Few of us know just what goes on in these places and the industry does not want us to know, so they have worked very successfully to put laws in place across the country that penalize anyone (employees and non-employees) who photograph or videotape what goes on. In some states, this is a felony. There is also a federal law, “The Animal Enterprise Terrorism Act” that criminalizes conduct undertaken “for the purpose of damaging or interfering with the operations of an animal enterprise.” Several individuals have been convicted under this statute merely for picketing, which has somehow become a “terrorist” act. In a document revealed by a Freedom of Information lawsuit, an FBI agent concludes there “is a reasonable indication” to believe that individuals who trespass in order to photograph or videotape abuses on factory farms “have violated the “Animal Enterprise Terrorism Act” and are therefore liable for criminal prosecution. It has not happened yet, but the mere existence of such a law shows the power of the “animal enterprise” lobby.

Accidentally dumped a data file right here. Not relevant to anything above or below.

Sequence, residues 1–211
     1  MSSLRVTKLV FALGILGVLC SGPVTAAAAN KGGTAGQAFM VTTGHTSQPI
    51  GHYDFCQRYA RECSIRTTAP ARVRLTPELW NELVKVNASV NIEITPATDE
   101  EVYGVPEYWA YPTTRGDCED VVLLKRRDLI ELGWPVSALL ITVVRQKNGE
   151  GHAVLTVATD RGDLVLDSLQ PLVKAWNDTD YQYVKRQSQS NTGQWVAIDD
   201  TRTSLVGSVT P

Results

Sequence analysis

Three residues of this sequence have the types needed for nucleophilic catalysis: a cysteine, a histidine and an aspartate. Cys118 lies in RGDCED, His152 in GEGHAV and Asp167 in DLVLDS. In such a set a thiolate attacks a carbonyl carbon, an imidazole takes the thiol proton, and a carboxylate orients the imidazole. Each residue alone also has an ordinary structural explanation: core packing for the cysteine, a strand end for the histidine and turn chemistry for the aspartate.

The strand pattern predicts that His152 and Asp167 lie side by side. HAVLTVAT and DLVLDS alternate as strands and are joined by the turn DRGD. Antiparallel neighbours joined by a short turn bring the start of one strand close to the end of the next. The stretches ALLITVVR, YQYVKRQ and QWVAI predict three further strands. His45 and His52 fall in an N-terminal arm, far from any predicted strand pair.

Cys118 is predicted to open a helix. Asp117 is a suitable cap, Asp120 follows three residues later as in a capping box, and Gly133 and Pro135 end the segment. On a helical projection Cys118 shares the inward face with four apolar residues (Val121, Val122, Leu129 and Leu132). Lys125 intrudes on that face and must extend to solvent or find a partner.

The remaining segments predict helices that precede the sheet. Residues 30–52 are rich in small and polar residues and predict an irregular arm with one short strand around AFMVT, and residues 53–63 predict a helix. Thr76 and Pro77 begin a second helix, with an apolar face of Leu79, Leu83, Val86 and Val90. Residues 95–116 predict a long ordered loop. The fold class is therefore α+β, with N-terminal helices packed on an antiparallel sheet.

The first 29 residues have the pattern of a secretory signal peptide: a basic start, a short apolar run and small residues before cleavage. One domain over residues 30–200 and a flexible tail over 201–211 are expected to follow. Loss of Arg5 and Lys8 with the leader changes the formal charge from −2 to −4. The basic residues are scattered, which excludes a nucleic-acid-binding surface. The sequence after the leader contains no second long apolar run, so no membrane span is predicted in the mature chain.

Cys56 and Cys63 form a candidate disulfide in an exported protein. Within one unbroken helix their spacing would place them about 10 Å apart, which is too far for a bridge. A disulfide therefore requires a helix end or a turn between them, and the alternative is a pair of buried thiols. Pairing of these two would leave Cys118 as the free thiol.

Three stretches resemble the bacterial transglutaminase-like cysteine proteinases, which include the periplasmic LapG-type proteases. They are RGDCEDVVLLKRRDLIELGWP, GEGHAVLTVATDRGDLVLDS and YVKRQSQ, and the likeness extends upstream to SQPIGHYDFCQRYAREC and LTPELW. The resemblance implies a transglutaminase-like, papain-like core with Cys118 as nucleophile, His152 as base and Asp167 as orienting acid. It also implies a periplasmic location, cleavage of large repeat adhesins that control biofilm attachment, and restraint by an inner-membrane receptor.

Factory farmers and their apologists claim that these photographs and videos of animal suffering record very rare events. But Scully points out the contradiction between that claim and their unceasing efforts to keep the public from seeing how animals are treated. If they are treated well, why hide it? (271) Scully wants us to see exactly what the industry wants to hide, so he writes, giving visibility and voice to those he calls “the least visible and the least audible” (174)."